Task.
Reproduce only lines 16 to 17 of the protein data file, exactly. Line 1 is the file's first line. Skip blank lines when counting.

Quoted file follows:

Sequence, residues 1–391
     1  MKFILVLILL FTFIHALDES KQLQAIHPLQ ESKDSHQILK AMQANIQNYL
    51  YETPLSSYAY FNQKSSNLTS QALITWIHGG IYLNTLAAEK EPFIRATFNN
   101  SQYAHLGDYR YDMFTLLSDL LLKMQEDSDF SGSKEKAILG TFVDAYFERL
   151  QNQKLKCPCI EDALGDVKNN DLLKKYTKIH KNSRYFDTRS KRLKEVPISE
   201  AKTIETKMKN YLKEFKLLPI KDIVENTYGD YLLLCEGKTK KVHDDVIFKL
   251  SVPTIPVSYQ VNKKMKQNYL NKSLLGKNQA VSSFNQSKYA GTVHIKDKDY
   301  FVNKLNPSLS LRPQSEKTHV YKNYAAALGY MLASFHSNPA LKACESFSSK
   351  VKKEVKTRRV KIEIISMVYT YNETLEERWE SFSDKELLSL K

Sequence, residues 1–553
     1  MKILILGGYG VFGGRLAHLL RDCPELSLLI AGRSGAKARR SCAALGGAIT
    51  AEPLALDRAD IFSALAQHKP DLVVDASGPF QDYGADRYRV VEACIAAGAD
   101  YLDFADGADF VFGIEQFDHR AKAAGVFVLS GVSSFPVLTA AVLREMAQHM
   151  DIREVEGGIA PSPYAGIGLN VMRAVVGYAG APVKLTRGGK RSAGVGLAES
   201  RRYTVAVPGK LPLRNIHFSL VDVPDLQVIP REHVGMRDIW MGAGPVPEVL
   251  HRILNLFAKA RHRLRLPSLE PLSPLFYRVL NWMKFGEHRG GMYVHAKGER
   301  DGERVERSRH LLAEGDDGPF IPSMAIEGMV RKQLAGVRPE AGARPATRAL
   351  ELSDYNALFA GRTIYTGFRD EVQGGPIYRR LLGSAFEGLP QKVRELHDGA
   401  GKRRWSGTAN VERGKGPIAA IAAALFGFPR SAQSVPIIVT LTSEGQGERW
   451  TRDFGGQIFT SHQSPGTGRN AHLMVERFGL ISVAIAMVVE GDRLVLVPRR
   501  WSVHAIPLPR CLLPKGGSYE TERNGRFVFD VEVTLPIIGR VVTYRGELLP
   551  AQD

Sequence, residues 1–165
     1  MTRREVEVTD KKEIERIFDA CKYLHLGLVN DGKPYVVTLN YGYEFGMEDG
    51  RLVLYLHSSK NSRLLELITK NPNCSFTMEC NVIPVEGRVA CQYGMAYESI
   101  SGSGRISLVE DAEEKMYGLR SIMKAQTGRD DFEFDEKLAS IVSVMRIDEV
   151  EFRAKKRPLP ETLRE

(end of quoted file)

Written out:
   251  HRILNLFAKA RHRLRLPSLE PLSPLFYRVL NWMKFGEHRG GMYVHAKGER
   301  DGERVERSRH LLAEGDDGPF IPSMAIEGMV RKQLAGVRPE AGARPATRAL